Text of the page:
LCD vs. LED TV: What’s The Difference Between The Two?
LCD televisions were popular alternatives to plasma screens, but new LED technology has driven the price of both options down considerably. Their energy efficiency and sharp video playback make both televisions smart buys. However, depending on your budget, energy concerns, and watching habits, both types have their different strengths.
How Picture is Made
Technically, LCD and LED televisions are almost identical products. LED televisions also use a liquid crystal display (LCD) to produce a picture. Liquid crystal displays use thin, polarized glass to block or enhance incoming light to create a picture visible from the front.
The primary difference between LCD and LED televisions is how they produce light behind the screen. Similar to the original television technology, LCD televisions use a highly-efficient fluorescent tube behind the display to produce light that illuminates the changing pixels on the screen. In contrast, LED televisions don’t have a fluorescent tube, but instead have many small light emitting diode (LED) bulbs that allow for more control over where light is broadcast in the display. Because of their smaller size, LEDs can be placed both behind the screen and around the edges of the display for a brighter and crisper image.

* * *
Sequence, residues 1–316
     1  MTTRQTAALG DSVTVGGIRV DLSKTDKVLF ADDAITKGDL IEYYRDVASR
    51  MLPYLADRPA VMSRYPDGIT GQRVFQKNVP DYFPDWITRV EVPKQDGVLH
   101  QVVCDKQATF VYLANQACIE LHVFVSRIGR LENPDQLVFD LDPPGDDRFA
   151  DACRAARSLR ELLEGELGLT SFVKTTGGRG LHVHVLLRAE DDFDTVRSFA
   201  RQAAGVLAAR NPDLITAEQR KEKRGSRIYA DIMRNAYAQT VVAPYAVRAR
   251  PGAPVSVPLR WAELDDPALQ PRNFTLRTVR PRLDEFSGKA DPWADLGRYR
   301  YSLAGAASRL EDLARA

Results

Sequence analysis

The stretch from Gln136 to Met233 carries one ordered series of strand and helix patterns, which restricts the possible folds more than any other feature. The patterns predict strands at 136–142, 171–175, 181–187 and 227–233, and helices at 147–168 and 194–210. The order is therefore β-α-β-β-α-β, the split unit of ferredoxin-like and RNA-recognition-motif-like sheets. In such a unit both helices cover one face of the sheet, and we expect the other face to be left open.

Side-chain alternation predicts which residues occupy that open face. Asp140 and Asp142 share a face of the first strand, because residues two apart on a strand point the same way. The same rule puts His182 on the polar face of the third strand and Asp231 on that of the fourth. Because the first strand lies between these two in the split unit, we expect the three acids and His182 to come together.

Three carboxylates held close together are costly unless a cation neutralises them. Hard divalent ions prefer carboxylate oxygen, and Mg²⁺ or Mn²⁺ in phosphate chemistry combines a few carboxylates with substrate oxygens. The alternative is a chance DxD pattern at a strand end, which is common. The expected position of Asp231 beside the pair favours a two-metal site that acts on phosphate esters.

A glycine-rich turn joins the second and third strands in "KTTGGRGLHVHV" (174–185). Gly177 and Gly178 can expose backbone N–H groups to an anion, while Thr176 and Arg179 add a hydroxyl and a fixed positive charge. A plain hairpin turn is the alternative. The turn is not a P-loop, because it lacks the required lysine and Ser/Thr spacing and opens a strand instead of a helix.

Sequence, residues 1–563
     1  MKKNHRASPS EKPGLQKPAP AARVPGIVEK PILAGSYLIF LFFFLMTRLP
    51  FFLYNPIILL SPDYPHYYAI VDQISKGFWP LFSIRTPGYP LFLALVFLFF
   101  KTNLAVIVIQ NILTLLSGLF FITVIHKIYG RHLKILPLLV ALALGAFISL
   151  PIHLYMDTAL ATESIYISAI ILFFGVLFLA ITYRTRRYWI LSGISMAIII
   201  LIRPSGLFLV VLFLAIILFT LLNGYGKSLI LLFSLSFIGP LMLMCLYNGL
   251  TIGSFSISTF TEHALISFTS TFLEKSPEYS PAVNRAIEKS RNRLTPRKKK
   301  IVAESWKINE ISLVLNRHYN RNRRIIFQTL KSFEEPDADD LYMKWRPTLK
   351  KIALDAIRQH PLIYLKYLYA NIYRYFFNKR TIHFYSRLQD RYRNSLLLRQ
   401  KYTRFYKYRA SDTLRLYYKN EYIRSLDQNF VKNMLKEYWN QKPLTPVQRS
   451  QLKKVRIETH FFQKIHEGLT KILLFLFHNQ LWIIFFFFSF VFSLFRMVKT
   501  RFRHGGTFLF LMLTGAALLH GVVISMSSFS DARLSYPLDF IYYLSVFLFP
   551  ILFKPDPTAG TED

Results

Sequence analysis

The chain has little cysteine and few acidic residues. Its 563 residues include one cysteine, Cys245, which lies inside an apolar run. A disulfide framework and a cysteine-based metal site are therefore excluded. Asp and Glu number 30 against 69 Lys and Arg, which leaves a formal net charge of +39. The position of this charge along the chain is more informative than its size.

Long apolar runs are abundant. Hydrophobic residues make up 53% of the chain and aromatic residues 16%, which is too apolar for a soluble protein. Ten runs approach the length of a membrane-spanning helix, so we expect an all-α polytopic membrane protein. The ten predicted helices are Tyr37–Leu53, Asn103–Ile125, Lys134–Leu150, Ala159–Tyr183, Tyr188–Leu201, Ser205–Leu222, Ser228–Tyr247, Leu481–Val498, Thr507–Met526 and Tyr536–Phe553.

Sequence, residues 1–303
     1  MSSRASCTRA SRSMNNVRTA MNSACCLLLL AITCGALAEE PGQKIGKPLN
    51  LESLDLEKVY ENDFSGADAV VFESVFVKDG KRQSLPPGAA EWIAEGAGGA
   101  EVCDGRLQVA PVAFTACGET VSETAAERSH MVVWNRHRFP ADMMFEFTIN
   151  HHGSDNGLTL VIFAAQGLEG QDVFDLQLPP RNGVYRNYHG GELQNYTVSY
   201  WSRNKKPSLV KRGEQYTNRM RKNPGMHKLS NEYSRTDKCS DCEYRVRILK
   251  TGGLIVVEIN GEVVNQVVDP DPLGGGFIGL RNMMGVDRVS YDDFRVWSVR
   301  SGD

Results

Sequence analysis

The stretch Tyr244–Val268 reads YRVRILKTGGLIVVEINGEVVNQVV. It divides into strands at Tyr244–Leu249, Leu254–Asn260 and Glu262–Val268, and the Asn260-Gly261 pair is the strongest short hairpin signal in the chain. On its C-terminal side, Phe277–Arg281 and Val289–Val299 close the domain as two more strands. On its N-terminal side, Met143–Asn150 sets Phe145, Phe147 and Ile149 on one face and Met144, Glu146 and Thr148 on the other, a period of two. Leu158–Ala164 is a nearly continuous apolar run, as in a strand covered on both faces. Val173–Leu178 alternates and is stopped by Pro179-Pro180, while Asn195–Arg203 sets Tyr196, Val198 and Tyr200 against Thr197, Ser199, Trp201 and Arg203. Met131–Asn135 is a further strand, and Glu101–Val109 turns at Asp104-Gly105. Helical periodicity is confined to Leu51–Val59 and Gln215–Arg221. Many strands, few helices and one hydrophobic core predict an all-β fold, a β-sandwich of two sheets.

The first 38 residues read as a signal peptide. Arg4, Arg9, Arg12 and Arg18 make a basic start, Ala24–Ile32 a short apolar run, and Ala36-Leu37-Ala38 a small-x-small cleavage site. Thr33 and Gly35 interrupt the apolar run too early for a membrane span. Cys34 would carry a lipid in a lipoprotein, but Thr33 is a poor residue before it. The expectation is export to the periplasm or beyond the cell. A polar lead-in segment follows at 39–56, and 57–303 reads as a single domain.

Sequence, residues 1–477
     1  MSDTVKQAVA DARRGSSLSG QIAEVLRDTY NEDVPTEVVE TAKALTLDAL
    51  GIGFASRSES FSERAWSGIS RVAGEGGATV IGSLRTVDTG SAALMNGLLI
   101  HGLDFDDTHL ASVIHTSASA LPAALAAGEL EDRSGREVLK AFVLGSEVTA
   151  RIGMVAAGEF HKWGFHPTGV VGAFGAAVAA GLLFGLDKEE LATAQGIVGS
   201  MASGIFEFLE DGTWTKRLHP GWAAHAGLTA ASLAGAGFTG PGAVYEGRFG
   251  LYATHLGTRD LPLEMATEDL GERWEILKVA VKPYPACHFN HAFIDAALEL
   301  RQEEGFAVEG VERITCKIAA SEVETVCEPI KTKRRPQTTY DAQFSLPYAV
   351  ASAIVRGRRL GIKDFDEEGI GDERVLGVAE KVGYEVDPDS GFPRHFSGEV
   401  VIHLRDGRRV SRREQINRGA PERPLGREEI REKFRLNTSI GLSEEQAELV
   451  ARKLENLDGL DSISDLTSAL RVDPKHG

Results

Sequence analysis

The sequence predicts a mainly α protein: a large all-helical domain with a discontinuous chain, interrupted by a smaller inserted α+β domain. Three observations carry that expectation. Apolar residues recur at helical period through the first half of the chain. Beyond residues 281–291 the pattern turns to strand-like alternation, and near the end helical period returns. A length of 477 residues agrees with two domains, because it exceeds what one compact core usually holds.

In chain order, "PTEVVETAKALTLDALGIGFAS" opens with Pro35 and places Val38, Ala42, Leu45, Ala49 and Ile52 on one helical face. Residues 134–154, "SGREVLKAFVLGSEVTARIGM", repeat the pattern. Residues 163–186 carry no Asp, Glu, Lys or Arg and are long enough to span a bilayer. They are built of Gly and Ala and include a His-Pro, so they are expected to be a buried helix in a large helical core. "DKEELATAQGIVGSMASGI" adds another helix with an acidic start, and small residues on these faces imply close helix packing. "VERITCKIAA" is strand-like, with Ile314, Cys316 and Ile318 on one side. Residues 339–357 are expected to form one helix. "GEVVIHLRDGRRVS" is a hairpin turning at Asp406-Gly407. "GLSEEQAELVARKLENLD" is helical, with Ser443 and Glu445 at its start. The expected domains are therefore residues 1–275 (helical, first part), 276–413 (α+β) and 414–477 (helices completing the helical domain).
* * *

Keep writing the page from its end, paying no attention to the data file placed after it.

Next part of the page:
The sharpness of a television picture is directly related to its refresh rate. Refresh rate refers to the number of times a picture is changed every second. Instead of displaying fluid motion, televisions display “frames” every second that give the illusion of a moving picture. LED TVs have higher refresh rates than traditional LCD televisions, giving the illusion that the same inputted image is being outputted at a higher quality on an LED television than on an LCD.
LED Light Control
LED televisions allow for better dimming and brightness control than fluorescently lid LCD screens. Because of how LEDs are constructed, they allow for faster darkness and lightness control that creates truer blacks and brighter whites. LEDs can be dimmed individually, allowing for parts of the screen to have little to no light being transmitted through it at all, whereas LCD televisions must darken parts of the screen by blocking light within the display rather than dimming the single bulb behind the picture.
Finally, LCD televisions offer better viewing angles than LED TVs. Because LED screens have moved screen lights to the side of the screen in an effort to reduce bulkiness, they have much smaller viewing angles than LCDs. LED televisions struggle to reduce glare because of their brightness, making LCDs a smarter option for living rooms with wide couches or bright windows.
LED televisions are far more energy efficient than backlight LCDs. This is because they’re able to anticipate darkness and light by turning some bulbs off completely for different scenes, thus reducing energy expenditure. Additionally, LEDs are inherently a more efficient light source than heated fluorescent tubes and are slowly being introduced into other screen technologies to reduce costs.